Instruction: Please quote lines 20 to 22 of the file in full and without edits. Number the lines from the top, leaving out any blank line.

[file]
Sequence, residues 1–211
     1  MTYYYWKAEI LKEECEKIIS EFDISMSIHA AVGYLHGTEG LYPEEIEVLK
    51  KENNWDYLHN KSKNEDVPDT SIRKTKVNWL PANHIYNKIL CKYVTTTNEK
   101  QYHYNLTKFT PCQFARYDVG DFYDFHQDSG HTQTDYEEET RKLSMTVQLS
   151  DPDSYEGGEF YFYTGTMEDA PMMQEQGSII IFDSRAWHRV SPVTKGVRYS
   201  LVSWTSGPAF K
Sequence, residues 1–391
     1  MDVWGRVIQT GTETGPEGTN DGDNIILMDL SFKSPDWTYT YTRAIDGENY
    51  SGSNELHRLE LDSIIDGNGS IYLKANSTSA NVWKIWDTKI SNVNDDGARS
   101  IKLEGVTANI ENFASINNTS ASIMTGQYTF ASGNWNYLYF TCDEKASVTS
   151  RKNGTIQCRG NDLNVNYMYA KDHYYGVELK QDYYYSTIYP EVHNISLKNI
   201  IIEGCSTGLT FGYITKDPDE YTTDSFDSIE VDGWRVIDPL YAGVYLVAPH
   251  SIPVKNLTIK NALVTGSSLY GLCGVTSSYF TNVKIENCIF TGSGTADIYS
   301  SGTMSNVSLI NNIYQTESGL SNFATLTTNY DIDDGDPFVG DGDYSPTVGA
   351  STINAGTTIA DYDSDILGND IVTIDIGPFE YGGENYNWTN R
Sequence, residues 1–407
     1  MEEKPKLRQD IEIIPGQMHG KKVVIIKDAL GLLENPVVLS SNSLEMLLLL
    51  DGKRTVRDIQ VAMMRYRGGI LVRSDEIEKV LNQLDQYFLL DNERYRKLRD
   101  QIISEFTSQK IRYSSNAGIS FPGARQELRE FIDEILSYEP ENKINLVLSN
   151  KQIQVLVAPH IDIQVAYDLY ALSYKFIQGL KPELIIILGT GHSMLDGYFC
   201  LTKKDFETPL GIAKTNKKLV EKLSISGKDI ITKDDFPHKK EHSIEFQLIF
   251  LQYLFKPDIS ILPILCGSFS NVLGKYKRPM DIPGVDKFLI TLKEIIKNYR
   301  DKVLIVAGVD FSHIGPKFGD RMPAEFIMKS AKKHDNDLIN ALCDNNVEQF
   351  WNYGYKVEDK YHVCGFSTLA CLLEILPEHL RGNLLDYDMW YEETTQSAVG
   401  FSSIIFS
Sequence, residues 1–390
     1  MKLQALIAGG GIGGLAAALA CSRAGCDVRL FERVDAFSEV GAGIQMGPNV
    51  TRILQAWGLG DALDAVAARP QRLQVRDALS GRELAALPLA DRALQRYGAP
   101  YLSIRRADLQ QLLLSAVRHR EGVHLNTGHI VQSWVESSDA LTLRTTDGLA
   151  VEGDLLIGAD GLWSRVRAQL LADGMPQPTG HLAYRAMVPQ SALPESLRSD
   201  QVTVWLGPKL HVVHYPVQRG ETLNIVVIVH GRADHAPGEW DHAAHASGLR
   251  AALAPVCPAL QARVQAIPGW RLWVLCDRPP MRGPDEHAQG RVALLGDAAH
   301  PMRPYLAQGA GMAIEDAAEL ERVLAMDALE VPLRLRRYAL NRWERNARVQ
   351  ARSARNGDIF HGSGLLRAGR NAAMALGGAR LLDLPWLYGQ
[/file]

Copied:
   151  KQIQVLVAPH IDIQVAYDLY ALSYKFIQGL KPELIIILGT GHSMLDGYFC
   201  LTKKDFETPL GIAKTNKKLV EKLSISGKDI ITKDDFPHKK EHSIEFQLIF
   251  LQYLFKPDIS ILPILCGSFS NVLGKYKRPM DIPGVDKFLI TLKEIIKNYR